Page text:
TA: Zachary Beus
LAB 3 REPORT
For this lab, we are going to be using Simulink and dSPACE Control-Desk to measure the real and reactive powers of a single RL load, and observe its resistance and reactance. In the second part of this lab, we will design an open-loop voltage controller that will allow us the control over the speed of a DC generator.
For this Lab, the equipment required is the following: dSPACE I/O box #1
PEDB with ribbon cable and +12V supply #3
AC Induction Motor (SCIG) #2
DC Generator (DCG), frame mounted, with coupler #1
Box of Cables
To start off, we designed a Simulink Model that’s capable of measuring the real, reactive and apparent power consumed by the generator. We started by building a model that can generate an AC voltage. We followed Figure 2 and added a Digital to Analog Channel block, from lab 1. Then we added an Inverter Board Control Function blocks to stop/start and reset the board.
Figure 1. Simulink model to generate AC voltage
Before we connected the SCIG to PEDB, we measured the resistance between two phases.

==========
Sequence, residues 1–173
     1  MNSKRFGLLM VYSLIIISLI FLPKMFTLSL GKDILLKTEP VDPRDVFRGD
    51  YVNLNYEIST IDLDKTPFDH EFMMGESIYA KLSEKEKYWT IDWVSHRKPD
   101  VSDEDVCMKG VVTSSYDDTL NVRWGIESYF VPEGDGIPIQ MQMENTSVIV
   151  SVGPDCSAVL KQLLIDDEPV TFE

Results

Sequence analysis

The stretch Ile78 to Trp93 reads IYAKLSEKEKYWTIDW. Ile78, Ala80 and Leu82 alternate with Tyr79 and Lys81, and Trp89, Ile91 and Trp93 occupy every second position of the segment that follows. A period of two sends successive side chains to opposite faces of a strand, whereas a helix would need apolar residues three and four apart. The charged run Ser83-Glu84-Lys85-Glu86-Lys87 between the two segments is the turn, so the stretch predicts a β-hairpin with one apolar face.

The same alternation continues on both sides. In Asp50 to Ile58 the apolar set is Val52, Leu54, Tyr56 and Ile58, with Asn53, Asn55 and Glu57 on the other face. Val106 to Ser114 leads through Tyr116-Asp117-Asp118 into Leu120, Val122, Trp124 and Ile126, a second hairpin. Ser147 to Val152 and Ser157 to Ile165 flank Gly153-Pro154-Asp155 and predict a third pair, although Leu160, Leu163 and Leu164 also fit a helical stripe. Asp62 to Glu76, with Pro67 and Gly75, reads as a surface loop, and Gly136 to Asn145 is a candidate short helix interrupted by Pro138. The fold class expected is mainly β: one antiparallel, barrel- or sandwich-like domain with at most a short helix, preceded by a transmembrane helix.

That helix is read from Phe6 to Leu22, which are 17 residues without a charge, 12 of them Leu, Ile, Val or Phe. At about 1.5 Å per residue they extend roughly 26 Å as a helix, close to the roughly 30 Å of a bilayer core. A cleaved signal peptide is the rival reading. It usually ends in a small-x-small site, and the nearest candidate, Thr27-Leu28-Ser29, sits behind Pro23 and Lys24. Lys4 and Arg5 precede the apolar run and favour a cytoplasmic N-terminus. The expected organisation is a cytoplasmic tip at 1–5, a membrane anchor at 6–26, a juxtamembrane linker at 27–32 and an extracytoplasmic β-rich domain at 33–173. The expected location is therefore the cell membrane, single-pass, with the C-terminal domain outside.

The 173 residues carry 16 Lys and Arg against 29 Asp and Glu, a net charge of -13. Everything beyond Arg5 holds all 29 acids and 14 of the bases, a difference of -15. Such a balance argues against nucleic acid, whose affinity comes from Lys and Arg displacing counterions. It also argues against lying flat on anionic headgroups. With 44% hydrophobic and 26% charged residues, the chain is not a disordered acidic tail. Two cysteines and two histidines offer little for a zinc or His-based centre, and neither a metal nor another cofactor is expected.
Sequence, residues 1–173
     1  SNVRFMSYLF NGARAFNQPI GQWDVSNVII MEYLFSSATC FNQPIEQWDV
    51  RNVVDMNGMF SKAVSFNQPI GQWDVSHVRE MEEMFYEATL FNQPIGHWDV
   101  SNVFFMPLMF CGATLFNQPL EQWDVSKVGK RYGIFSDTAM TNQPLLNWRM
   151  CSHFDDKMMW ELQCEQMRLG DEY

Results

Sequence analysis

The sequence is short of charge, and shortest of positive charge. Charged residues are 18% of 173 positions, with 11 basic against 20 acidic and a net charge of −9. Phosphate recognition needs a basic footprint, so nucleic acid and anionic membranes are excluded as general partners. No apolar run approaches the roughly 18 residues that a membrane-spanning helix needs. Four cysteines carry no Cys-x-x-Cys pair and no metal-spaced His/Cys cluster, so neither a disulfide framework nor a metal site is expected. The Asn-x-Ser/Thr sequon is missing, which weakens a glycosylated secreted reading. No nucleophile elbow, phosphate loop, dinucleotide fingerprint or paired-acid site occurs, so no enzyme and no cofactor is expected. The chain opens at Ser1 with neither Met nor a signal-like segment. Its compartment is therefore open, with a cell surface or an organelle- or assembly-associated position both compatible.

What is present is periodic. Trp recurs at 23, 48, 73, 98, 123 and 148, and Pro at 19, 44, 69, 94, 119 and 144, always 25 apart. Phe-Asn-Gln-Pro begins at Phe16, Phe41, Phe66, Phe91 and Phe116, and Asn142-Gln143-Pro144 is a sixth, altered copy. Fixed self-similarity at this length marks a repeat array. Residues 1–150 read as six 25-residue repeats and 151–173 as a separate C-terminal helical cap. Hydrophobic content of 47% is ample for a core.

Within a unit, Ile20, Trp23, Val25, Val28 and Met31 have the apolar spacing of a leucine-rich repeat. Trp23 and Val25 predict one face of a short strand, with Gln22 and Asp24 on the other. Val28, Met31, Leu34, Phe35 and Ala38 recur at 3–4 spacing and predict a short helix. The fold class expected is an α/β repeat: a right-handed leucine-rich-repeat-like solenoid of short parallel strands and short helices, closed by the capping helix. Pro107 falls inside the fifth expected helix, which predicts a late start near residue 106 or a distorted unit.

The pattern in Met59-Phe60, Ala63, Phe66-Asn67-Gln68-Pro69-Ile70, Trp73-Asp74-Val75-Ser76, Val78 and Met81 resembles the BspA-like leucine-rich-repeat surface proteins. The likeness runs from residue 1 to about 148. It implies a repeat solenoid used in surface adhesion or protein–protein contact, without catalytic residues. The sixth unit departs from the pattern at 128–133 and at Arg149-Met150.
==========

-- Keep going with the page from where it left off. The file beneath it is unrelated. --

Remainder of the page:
We then compared the measured value and the motor resistance and saw that they were relatively the same.
Next we modified our Simulink model with the above equations and set up the hardware, by referencing to lab 1. Using dSPACE, we applied 1 Vpeak to the windings, and measure the line-to-line current and powers at 60-Hertz frequency. We then made some modification and measured the resistance, reactance, and inductance of the AC induction generator, which are all shown below. Our Simulink model is shown in Figure 2.
Figure 2. Simulink model of Part 2.1
RMS Current (A)
RMS Voltage (V)
Real Power (W)
Reactive Power (VAR)
Apparent Power (VA)
For this next part of the lab, we are to design an open-loop controller in Simulink to control the speed of the DC generator. We were able to reuse lab 1’s Simulink model for this part by making some minor modification, as shown in figure 3. We then design a Control-Desk layout in dSPACE to take the measurements of current, velocity and position of the DC motor as they change. We also added the Stop/Start, Reset and Zero Encoder command, and added the ability to read the data from the encoder and current of the motor. As a precaution, we made sure that the encoder is measuring the position and velocity by rotating the DC motor shaft, and saw that it was working. We then apply steps of